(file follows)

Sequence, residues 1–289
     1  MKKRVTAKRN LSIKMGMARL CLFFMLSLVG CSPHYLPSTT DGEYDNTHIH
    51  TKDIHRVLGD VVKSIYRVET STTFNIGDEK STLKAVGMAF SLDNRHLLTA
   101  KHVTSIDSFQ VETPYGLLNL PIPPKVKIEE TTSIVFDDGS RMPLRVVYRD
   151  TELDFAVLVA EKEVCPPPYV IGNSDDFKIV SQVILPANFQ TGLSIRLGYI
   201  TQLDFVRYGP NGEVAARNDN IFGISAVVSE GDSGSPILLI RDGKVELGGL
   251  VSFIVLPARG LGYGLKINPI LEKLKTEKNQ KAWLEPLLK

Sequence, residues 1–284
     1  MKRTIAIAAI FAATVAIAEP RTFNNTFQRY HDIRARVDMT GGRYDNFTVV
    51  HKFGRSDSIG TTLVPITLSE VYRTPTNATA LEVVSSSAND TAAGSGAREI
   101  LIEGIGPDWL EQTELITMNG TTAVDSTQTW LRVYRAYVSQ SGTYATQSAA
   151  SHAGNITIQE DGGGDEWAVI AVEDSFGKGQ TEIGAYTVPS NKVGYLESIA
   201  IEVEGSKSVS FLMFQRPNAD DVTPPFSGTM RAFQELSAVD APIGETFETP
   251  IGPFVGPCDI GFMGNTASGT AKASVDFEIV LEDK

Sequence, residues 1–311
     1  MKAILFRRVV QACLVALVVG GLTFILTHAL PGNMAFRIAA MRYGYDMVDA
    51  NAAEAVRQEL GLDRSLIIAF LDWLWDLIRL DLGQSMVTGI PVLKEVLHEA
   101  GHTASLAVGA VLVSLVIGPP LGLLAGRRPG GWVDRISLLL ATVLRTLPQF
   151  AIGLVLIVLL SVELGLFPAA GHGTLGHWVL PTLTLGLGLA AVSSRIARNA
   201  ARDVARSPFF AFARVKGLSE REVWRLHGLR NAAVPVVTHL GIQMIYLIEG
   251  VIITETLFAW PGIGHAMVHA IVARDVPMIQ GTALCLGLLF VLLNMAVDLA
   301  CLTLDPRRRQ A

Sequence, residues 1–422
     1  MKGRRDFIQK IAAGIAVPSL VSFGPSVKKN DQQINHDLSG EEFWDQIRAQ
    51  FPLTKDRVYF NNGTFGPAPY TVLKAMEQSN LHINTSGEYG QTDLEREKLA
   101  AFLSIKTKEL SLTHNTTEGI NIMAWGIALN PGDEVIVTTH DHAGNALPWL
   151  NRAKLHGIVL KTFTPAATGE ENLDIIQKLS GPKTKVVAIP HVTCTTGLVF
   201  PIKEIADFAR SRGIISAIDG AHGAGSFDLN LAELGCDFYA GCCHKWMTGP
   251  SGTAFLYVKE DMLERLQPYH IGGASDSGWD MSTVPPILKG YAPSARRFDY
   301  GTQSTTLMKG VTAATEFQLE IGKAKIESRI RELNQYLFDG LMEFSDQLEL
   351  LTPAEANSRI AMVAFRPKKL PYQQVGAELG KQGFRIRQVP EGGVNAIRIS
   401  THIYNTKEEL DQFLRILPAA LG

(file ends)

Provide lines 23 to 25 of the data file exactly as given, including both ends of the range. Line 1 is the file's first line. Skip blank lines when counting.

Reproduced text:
Sequence, residues 1–422
     1  MKGRRDFIQK IAAGIAVPSL VSFGPSVKKN DQQINHDLSG EEFWDQIRAQ
    51  FPLTKDRVYF NNGTFGPAPY TVLKAMEQSN LHINTSGEYG QTDLEREKLA